May 2 (Bloomberg) -- Byron Wien, the 79 year-old chairman of Blackstone Group LP’s advisory services unit, is forecasting an annual drop in oil prices for the first time in his career as swelling production pushes global inventories higher.
Wien, who joined the world’s biggest private-equity firm in 2009, said the U.S. will extract more crude by fracking rocks and expects the furor over a potential conflict with Iran to dissipate. Brent crude lost 2.8 percent last month after surging 14 percent in the first quarter on concern Iran may disrupt Middle East exports in retaliation for a European oil embargo.
Russia and Saudi Arabia, the biggest crude producers, are pumping near record levels, helping push February inventories in developed nations to the equivalent of 59.6 days of demand, the most since 2009, according to the International Energy Agency.
“The Iran premium is going to come out of the price of Brent,” Wien, who was previously a chief strategist at Morgan Stanley, said in an April 26 television interview on “Bloomberg Surveillance” with Tom Keene. “There’s an Iran premium in the price of oil, thinking that Israel will strike Iran, and I don’t think Israel will.”
Brent, the benchmark for more than half of the world’s oil, closed at $119.66 a barrel on the London-based ICE Futures Europe exchange yesterday and fell to $118.20 today. The Centre for Global Energy Studies expects a jump in worldwide stockpiles this quarter to the most since the Asian financial crisis 14 years ago, when crude plunged below $10 a barrel.
Not Since 1998
“A rebound in production is causing stocks to grow quite rapidly,” said Leo Drollas, chief economist at London-based CGES, a researcher founded by former Saudi Arabian Oil Minister Sheikh Ahmad Zaki Yamani. “Even more disturbing is that the build in the second quarter is going to be massive. We haven’t had something of that magnitude since 1998.”
While analysts aren’t predicting that Brent will tumble to $10, oil risks falling to $100 for the first time since October should the abundance of crude persist. Six out of 30 analysts forecast the North Sea crude will average $100 or less this quarter, predictions compiled by Bloomberg show. The median estimate is $115.50.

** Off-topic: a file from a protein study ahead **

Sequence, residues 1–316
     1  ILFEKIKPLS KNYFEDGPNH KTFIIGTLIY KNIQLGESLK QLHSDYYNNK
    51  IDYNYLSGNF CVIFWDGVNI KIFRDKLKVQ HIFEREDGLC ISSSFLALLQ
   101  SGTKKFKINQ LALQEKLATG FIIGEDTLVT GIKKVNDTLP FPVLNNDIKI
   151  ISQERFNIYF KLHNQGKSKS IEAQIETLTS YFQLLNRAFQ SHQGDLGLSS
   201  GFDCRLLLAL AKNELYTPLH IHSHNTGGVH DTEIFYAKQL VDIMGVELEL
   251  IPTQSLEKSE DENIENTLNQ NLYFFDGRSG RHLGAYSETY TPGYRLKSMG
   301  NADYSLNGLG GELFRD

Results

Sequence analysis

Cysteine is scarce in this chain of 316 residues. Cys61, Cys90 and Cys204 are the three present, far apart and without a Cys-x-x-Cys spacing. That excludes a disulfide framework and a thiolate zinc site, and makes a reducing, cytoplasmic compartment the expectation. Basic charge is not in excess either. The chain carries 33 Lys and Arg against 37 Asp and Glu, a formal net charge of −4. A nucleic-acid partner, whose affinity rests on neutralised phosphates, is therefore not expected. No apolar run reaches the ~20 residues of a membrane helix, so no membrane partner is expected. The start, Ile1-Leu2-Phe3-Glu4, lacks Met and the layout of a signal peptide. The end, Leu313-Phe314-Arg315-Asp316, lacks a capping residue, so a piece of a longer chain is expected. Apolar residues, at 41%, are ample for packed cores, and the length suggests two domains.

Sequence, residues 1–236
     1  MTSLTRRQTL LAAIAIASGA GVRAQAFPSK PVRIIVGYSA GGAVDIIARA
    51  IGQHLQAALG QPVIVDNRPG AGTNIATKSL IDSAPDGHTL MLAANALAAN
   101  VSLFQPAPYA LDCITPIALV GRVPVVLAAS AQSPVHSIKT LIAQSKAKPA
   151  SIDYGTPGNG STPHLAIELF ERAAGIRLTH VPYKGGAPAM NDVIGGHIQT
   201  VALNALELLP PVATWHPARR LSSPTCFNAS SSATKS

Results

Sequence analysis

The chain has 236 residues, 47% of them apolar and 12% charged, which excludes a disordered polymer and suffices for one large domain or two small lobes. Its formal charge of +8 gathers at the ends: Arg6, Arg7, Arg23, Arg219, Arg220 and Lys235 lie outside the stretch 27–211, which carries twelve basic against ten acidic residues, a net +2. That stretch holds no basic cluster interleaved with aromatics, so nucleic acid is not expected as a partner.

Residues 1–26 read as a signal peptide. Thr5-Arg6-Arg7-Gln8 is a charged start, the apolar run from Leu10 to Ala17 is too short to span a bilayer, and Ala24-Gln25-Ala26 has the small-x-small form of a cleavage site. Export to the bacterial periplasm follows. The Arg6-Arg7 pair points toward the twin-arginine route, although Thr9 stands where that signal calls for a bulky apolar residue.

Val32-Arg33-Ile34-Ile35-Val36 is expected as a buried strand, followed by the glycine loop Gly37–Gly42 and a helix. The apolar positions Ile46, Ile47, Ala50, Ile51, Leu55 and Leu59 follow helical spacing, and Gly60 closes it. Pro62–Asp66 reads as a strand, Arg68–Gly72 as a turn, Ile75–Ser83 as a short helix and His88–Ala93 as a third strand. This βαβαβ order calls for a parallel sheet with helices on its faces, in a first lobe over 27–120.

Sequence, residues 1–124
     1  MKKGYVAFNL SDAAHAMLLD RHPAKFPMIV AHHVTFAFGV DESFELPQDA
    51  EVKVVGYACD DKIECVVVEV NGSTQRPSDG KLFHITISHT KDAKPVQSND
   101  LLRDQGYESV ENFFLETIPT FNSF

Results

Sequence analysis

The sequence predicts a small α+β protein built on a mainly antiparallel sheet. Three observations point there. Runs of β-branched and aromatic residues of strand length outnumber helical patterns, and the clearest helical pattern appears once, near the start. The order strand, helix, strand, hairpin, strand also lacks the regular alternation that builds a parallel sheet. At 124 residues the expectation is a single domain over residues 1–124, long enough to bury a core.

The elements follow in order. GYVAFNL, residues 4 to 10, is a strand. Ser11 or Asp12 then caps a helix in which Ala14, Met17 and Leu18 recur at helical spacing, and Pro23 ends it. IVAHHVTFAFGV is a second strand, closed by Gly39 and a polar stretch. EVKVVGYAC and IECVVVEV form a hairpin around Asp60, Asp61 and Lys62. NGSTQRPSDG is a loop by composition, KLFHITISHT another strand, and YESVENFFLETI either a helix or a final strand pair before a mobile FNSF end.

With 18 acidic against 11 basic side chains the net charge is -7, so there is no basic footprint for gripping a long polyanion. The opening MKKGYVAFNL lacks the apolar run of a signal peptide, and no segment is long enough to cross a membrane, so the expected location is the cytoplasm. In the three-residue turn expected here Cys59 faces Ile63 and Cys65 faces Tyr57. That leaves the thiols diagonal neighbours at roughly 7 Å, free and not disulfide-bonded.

There’s a “lack of appreciation” of how much oil will be extracted from hydraulic fracturing, or fracking, of rock formations in the U.S., particularly North Dakota, Wien said. The state, home to the Bakken shale-rock fields, produced a record 558,255 barrels a day in February, its Department of Mineral Resources said.
Wien has been making annual forecasts since 1986, when he was chief U.S. investment strategist at Morgan Stanley. In January 2011, he said oil would rise to $115. West Texas Intermediate crude in New York peaked that year at $114.83 on May 2, up from $91.55 on Jan. 3.
Speculation that international pressure on Iran to give up an alleged nuclear weapons program would lead to conflict or a supply disruption helped push the commodity to $128.40 a barrel in March, the highest in more than 3 1/2 years. The U.S. has tightened financial sanctions against Iran while the European Union agreed to stop buying the country’s crude from July 1.
The Organization of Petroleum Exporting Countries pumped 31.4 million barrels a day last month, the most since 2008, according to data compiled by Bloomberg, to calm soaring prices even as output from Iran dropped. Regional crude prices are falling. Qua Iboe, Nigeria’s most abundant blend, yesterday slipped to its weakest premium versus the Dated Brent benchmark in 18 months.
Iraq, Libya Surging Too